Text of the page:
In a special meeting Aug. 3, the KISD board of trustees voted unanimously to delay the start of the school year, along with in-person instruction, from Aug. 19 until Aug. 26. The board also opted to create early release days from Aug. 26-28.
“We need more time for our teachers and staff,” KISD Superintendent Rick Westfall said. “Academic development is being set aside in preparation for safety measures.”
Westfall noted that Tarrant County Public Health orders initially delayed in-person instruction until Sept. 28, but the Texas Education Agency shifted its guidance so as not to support school closures.
KISD teachers and staff will still return Aug. 10, and a delayed start to in-person instruction will provide the district more time to gather relevant information, Westfall said. Parents now have until Aug. 12 to select in-person or remote learning options for students.
At the special meeting, nearly 50 parents, students, teachers and community members addressed the KISD board for two hours, including Keller High School teacher Brian Ketcham.
“Our job as teachers is incredibly easier in person than it is online,” he said. “I think I speak for most teachers when I say we want in-person instruction ... when we can keep ourselves, our families and our students safe.”
For KISD fine arts teacher Anna Morrison, the risk is quite clear, she said.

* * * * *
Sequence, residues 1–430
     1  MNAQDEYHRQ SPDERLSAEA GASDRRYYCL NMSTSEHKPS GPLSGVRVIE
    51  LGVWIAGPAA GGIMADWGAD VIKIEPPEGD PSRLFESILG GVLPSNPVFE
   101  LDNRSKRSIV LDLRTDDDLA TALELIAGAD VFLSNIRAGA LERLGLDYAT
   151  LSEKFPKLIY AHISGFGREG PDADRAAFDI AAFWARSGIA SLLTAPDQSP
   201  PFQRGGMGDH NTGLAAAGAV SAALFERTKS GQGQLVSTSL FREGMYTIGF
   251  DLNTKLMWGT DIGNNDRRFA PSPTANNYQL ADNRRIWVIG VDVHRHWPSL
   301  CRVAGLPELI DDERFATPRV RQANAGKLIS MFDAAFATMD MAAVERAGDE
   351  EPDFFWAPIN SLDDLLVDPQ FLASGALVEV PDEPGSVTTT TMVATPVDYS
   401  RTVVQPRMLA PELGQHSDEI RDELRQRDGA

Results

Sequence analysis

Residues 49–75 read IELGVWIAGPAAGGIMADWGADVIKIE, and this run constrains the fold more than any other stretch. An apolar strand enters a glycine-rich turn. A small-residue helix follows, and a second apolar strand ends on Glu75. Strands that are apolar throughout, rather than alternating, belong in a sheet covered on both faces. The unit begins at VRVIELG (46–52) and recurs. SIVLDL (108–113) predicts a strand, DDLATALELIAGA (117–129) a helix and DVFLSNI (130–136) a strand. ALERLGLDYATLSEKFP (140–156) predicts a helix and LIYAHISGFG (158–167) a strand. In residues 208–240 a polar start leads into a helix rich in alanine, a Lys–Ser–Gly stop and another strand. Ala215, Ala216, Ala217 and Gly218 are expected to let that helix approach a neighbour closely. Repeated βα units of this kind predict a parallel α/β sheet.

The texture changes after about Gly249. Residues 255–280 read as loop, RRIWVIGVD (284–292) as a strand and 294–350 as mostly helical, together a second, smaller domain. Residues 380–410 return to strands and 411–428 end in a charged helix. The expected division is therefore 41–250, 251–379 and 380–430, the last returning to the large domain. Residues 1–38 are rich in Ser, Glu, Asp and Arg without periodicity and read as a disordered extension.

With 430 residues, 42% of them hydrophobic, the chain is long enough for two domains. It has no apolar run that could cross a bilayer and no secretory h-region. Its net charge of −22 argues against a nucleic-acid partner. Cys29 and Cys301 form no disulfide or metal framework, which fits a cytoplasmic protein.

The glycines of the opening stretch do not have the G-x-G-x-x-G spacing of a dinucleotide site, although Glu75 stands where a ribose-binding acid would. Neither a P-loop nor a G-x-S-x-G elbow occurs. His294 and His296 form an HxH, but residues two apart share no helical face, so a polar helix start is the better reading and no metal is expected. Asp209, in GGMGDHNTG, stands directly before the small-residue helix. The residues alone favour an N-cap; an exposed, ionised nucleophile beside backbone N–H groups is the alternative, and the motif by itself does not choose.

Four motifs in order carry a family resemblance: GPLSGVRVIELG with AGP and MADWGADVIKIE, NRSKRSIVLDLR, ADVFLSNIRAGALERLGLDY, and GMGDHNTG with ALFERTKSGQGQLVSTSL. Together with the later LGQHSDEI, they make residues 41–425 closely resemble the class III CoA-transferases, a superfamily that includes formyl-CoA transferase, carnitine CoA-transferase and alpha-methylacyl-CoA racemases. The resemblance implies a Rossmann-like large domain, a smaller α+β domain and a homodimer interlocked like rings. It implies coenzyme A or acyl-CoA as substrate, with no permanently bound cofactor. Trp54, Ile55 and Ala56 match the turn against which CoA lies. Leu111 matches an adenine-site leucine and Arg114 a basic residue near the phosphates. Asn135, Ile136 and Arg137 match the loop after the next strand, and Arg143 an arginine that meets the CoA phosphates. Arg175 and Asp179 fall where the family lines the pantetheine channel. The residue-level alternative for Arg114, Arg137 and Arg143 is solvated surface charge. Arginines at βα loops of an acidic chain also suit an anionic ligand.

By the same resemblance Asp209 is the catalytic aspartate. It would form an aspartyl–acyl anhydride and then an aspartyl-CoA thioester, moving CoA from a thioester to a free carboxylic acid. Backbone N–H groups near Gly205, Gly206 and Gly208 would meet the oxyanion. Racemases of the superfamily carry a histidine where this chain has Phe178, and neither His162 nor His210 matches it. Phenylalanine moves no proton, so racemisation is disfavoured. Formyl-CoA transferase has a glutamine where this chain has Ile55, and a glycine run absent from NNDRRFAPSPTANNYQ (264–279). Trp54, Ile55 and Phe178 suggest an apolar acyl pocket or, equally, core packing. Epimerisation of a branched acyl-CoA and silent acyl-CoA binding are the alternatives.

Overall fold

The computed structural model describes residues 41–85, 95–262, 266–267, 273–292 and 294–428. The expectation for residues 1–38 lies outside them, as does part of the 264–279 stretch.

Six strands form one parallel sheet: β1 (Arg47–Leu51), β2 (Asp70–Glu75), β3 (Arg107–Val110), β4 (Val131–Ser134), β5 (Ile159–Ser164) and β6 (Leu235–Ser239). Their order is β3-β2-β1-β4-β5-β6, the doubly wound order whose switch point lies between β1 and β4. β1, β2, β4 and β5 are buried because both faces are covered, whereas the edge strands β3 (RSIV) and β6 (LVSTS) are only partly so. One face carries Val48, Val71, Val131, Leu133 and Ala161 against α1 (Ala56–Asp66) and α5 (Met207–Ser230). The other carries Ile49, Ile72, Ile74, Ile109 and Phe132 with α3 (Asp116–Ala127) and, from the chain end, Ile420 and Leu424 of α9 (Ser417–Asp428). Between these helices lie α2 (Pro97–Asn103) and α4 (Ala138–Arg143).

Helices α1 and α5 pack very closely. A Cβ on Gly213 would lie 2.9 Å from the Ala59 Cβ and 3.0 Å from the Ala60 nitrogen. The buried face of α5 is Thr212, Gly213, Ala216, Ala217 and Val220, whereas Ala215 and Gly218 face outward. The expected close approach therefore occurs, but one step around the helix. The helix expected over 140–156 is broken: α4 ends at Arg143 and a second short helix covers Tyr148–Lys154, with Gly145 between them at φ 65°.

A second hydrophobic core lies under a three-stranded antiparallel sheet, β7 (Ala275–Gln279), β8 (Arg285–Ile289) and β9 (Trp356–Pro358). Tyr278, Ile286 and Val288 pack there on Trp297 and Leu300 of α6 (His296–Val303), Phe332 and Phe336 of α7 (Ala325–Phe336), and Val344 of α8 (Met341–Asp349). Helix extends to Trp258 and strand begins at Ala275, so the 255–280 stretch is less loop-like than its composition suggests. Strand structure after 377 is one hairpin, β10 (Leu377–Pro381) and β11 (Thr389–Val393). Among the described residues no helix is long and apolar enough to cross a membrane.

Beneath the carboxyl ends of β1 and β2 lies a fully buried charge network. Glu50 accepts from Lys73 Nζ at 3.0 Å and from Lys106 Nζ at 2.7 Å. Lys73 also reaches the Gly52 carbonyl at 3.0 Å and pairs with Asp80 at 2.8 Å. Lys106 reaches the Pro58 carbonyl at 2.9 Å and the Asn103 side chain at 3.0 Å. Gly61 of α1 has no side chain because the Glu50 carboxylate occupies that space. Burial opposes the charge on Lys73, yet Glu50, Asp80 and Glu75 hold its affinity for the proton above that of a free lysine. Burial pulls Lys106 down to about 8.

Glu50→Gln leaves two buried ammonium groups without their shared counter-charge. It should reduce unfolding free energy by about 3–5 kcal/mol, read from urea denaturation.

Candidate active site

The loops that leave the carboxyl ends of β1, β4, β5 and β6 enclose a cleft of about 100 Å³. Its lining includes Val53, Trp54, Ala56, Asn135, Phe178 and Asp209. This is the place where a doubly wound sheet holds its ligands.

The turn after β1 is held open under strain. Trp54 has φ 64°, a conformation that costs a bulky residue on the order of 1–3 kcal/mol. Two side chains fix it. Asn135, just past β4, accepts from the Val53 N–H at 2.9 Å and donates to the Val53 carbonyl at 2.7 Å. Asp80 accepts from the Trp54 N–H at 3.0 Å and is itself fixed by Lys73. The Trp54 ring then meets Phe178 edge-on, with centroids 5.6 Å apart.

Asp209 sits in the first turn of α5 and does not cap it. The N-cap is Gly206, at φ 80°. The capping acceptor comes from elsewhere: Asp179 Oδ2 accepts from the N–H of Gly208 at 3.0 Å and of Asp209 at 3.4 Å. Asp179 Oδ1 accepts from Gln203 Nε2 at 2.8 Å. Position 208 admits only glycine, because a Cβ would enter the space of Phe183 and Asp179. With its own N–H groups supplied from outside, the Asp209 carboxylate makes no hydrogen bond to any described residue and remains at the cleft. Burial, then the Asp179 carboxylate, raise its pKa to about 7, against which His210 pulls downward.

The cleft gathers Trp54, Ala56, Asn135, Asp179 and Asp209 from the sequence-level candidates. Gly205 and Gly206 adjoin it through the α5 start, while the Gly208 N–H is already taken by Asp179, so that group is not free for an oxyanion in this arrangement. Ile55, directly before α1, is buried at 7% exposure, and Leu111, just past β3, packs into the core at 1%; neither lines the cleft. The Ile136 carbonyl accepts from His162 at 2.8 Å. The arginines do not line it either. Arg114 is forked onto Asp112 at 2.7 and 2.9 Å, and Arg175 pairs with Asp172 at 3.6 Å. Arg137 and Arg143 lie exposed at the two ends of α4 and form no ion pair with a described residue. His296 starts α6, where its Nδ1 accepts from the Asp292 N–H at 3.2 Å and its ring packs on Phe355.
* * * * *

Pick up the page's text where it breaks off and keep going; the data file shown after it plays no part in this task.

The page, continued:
At the elementary level, Morrison said she sees an average of 600 students per week and that she has caught the flu four times in the past five years.
When KISD students return for in-person instruction Aug. 26, the district has a large supply of personal protective equipment for use by students, teachers and staff, according to KISD Director of Facility Services Hudson Huff.
“When it comes to this mess, children are safer at school than they are at home,” said Lynn Kelly, parent of two students at Keller High School. “I’m at the point where everything is telling me to let the kids go back.”
From the TEA, the district has received 3,600 gallons of hand sanitizer; 218,000 single-use masks; 56,000 reusable masks; 92,000 single-use, child-size masks; and 3,600 face shields, Huff said.
“We’ve also ordered and will be receiving hand sanitizer stands and pumps,” he said. “And we’ve begun installing plexiglass material at front desk areas and putting down social distancing markers on sidewalks and near restrooms and other gathering areas.”
The KISD board is expected to meet later this month as officials receive additional guidance from the TEA and continue to monitor the impact of COVID-19 on public health.
“I miss school. Everyone does,” KISD junior Miles Connor said. “But if you care about my life, ... you will rethink your decision to allow me and the people I love into a crowded building during a global pandemic.”